Dimensions (LxWxH): 3 x 3 x 3.5 inches | Weight: 0.4 pounds | Number of Blades: 2
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Best Stand Mixer Attachment: KitchenAid 7-Blade Spiralizer Plus with Peel, Core, and Slice
What We Like: Includes seven blades, motor-powered, storage case included
What We Don't Like: Requires KitchenAid stand mixer, pricey
If you have a KitchenAid stand mixer, this spiralizer attachment will be an exciting addition to your collection. In addition to spiralizing fruits and veggies, this attachment also peels, cores, and slices. It comes with seven quick-change blades so you can get the most use out of your stand mixer: large core slice, small core slice, peel, extra-fine spiralizing blade, fine spiralizing blade, medium spiralizing blade, and small core thin slice.
Though it is pricier than other models, the KitchenAid spiralizer attachment is made with durable stainless steel for long-lasting performance. When attached to the stand mixer, it is powered by the motor for easy operation. After use, tuck it away in the storage case, which designed for easy access.
"After using a cheap handheld version for years, I finally invested in a KitchenAid spiralizer attachment, and it's worth every penny. I use mine to make zucchini noodles and thinly slice apples for pie, among other tasks." — Taysha Murtaugh, Editorial Director
Dimensions (LxWxH): 5.8 x 12.3 x 2.9 inches | Weight: 2.4 pounds | Number of Blades: 7
Related: The Best KitchenAid Mixers
Best Versatile: Paderno 7-Blade Spiralizer
What We Like: Blade plates are easy to insert and remove, removable parts are easy to clean, seven unique blades
What We Don't Like: Short handle
The more blades a spiralizer has, the more versatile it is—and this one by Paderno has seven types: angel-hair shredder, chipper, fine shredder, straight blade, wide straight blade, wavy blade, and ribbon blade. It also contains a bonus attachable pin accessory that creates accordion cuts, which is not possible with most spiralizers.
Other features include powerful suction feet that provide stability, extra-wide blade plates, and removable parts that are easy to clean. Users with limited hand mobility should note that this hand-operated spiralizer has a shorter handle than comparable models, which can be more difficult to operate.
Dimensions (LxWxH): 9.5 x 6 x 9 inches | Number of Blades: 7
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With three color-coded blades for uniform spirals, a case for storage and safety, and a suction cup base for stability, the OXO Good Grips Tabletop Spiralizer (view at Amazon) is our top choice. For a budget-friendly (and beginner-friendly) model, consider the Veggetti Spiral Vegetable Cutter (view at Amazon), a handheld spiralizer that’s perfect for making noodles. Plus, it’s easy to clean and store.
What to Look for in a Spiralizer
The key to a versatile spiralizer is in the blades. If you are mainly interested in making zoodles, you may not need many blades or attachments, though they're handy for various noodle sizes. For a multipurpose model, opt for a spiralizer with three or more blades. This will allow you to spiralize, chop, peel, and more. Bonus points if the spiralizer includes a storage case so you can easily keep all your blades in one clean, safe, and organized space.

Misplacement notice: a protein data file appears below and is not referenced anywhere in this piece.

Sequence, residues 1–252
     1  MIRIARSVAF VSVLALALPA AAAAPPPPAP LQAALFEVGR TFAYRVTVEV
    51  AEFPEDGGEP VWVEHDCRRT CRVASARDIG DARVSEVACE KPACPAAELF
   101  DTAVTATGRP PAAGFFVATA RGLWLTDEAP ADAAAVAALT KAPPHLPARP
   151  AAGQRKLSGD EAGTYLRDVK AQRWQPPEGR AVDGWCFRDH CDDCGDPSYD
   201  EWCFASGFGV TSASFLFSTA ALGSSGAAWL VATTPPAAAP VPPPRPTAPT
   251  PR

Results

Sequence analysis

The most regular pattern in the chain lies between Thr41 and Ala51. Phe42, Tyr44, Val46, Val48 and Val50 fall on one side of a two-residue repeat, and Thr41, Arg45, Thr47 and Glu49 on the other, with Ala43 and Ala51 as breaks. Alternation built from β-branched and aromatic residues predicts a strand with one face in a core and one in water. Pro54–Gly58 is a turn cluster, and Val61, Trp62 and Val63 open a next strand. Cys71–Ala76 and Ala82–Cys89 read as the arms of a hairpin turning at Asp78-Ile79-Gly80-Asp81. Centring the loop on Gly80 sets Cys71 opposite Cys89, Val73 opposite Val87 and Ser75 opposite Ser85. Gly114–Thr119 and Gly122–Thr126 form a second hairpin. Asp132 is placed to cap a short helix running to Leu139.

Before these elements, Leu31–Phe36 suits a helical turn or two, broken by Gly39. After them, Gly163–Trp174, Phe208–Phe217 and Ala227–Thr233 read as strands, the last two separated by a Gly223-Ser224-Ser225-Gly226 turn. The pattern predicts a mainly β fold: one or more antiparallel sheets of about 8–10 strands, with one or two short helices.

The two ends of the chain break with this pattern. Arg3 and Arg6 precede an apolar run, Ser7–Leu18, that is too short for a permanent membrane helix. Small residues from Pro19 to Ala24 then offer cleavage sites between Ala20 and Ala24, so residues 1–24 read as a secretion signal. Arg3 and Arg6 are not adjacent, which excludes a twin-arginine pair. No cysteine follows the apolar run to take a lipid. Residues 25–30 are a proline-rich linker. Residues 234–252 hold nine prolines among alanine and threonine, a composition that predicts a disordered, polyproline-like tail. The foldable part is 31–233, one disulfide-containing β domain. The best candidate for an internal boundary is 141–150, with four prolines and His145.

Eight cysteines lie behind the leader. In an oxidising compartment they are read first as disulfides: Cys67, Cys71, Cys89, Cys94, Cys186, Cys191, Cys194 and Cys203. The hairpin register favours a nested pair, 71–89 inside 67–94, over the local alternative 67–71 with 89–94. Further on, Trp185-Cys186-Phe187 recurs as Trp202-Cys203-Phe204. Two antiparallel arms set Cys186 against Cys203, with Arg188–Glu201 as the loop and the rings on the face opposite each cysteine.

Stability Features for Countertop Models
Slipping and sliding on countertops sounds like it’s inevitable, but this inconvenience and safety risk are preventable. Look for tabletop spiralizers with non-slip features, such as a suction cup in the base or suction cup feet. This will increase the stability of your spiralizer when used on non-porous surfaces.
Maintenance and Cleaning
Fortunately, many spiralizers are designed with dishwasher-safe parts. In many cases, the removable blades can be put on the top rack of the dishwasher and the base can be wiped down with a cloth.
How do you use a spiralizer?
The instructions may vary depending on whether the spiralizer is manual or electric. Start by washing and cutting your produce, then cutting the ends off to create a flat edge on either side.
Handheld spiralizers that are operated manually are the most user-friendly. Simply secure it to the spiralizer, then push the vegetable down into the blades with a twisting motion. This will yield uniform spirals on the other side of the blade.
Electric spiralizers require more prep, but once the spiralizer is in motion, little to no effort is required. To use an electric spiralizer, prepare the vegetable and secure it to the spiralizer. Turn the machine on and watch your fruits and vegetables turn into fun-shaped spirals.
Can you use a food processor to spiralize?
Some food processors have spiralizer attachments or accessories. Without them, you can’t spiralize vegetables using a food processor.
What foods can you use in a spiralizer?
Fruits and vegetables are the most popular foods to use. You can spiralize zucchini, carrot, onion, apple, cucumber, beet, turnip, butternut squash, potato, and more. Firmer foods will be easier to spiralize and will hold their shape better than softer foods.
Why Trust Simply Recipes?
Lacey Muinos is a health and wellness writer with a specialty in food- and drink-related topics. Among her impressive collection of kitchen gadgets is her handheld spiralizer, which she uses regularly to transform plain old zucchini into fun-shaped zoodles.